Risk Management Revisited

In November of 2011, I wrote a column on the value of risk management for law firms and put forward the proposition that “[d]espite th[e] considerable grounding in working with risk and counseling clients on methods to minimize and avoid risk, seemingly very few law firms in Canada actually engage in any sort of structured or coordinated risk management activities for their own organizations.” I was recently contacted by a reporter for a legal industry publication to discuss risk management for law firms and thus had the opportunity to reflect on my original statement. When asked a question regarding the growth of risk management in recent years and the adoption of risk management programs by law firms I was reluctantly forced to report the fact that while risk management programs have increased in popularity and use amongst organizations in Canada in general, their adoption in the legal services sector has remained rare.

In an attempt to continue to spark interest in the legal sector in the field of risk management (and in recognition of recent shakeups such as the failure of a significant national law firm), I thought it was time to revisit the topic of risk management for law firms and set out some examples of practical steps that law firms can take in regards to risk. As a starting point for the discussion, it can be generally observed that organizations fall on a spectrum of awareness regarding risk management. At one end of the spectrum is a reactive organization that has no formalized risk management practices and is applying an ad hoc approach to dealing with unexpected events. In the middle of the spectrum is an organization that is aware of risk management and perhaps integrates some level of risk management practice into their everyday business decisions. At the far end of the spectrum is an organization that is addressing risk in a strategic manner through the adoption of a comprehensive risk management program that is addressed in their annual strategic planning process and is integrated into the everyday functioning of the firm.

While there are many different approaches to risk management, a common approach is to follow a step-by-step procedure that begins with establishing the context for the risk management program and ends with the application of what is known as risk treatment. The beginning of any risk management program should entail a consideration of various foundational considerations including establishing baseline definitions of risk for the organization and making clear the goals of the program. The next step in the process is a risk assessment that entails the identification and description of potential risks as well as their evaluation. This is perhaps the most important and time-consuming step. The final step in a basic risk management process includes the development of a plan for the treatment of the priority risks that have been identified. Common treatments include transferring the risk (for example through insurance), terminating the risk (by ceasing the risk generating activity), treating the risk (by engaging in risk reduction activity) or terminating the risk (by ceasing the risk generating activity altogether). While steps above are a considerable simplification of the risk management process, they nonetheless capture the common baseline approach to the subject.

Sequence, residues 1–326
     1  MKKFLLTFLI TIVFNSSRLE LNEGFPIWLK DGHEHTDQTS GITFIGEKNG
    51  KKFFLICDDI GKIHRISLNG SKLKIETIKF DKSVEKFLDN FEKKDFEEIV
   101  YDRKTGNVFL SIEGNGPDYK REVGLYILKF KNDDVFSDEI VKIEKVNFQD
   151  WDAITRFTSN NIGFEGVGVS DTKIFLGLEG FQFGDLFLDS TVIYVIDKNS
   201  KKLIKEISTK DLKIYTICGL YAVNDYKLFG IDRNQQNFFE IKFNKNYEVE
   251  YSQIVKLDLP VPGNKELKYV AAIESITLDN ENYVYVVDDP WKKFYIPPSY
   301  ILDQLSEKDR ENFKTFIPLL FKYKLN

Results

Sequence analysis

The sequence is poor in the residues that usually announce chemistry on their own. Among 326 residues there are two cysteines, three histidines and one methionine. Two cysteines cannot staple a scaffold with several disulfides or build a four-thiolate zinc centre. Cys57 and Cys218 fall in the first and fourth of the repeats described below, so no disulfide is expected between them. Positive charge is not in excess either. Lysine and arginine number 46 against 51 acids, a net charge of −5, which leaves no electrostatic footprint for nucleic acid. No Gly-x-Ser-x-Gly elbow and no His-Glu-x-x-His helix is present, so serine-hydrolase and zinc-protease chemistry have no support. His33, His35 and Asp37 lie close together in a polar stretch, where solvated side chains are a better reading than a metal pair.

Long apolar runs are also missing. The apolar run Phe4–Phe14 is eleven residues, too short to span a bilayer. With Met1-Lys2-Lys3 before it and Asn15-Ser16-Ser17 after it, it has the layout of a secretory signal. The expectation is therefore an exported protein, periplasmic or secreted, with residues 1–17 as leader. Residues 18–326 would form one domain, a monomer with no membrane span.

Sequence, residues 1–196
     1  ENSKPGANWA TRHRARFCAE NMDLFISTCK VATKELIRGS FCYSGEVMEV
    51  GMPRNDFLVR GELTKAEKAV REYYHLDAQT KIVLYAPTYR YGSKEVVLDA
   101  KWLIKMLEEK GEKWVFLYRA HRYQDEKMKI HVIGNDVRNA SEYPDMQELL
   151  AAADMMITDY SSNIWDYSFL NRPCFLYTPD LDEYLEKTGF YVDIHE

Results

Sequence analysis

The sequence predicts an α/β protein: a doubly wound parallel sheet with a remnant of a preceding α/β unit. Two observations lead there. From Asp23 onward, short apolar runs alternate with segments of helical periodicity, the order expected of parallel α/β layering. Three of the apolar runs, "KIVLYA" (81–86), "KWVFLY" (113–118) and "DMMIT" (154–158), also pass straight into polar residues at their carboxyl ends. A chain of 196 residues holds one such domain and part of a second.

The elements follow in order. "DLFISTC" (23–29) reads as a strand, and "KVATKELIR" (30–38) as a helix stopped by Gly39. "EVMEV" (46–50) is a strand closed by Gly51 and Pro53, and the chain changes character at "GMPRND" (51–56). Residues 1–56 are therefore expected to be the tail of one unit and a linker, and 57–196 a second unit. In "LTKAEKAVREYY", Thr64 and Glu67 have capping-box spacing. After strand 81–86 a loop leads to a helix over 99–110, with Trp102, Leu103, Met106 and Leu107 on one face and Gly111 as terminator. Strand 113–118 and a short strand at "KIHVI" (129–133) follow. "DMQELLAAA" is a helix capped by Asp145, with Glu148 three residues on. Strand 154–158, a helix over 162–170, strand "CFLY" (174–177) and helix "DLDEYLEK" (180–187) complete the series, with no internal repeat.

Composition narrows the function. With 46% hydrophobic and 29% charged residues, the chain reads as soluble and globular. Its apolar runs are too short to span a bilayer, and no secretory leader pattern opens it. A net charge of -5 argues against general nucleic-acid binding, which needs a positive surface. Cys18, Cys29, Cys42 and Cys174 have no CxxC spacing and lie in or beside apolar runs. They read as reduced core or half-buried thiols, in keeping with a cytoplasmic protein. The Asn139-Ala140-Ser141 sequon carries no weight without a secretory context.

In order to make the above discussion less abstract, it is useful to examine a few of the main categories of risk that may be applicable to an average law firm in Canada and that would be considered in the risk assessment step set out above. A sampling of four of these categories is as follows:

  • Economic – Economic risks are those that arise due to changing economic conditions. An example of an economic risk that had a significant effect on law firms throughout Canada was the crash in the global economy that occurred in 2009.
  • Regulatory – Regulatory risks are those that are associated with new or changing laws and regulations. An example of regulatory risk was the closing of the tax loophole regarding income trusts that occurred in 2006 that significantly altered many lawyers practices who focused in this area.
  • Environmental – Environmental risks are those that are faced due to uncommon, adverse or extreme environmental conditions. An example of an environmental risk that negatively impacted the operations of many law firms in Canada was the ice storm of 1998 in Quebec and Ontario.
  • Human Resources – Human Resources risks are those that arise from the management of human resource functions within an organization. The most pressing example of a human resource risk in the legal marketplace today is the failure of many law firms to adequately plan for succession.

As I stated in my original column in 2011 “..risk management has grown to become a multi faceted management discipline that is an important component of the strategic management activities of organizations both big and small.” Unfortunately, in my experience, while lawyers play the role of risk managers for their clients, the legal services industry itself has been slow to adopt formal risk management processes. While the brief comments above only scratch the surface of this complex discipline, it is my hope that they spur some readers on to research the issue further and consider the application of risk management activities to their law firms.

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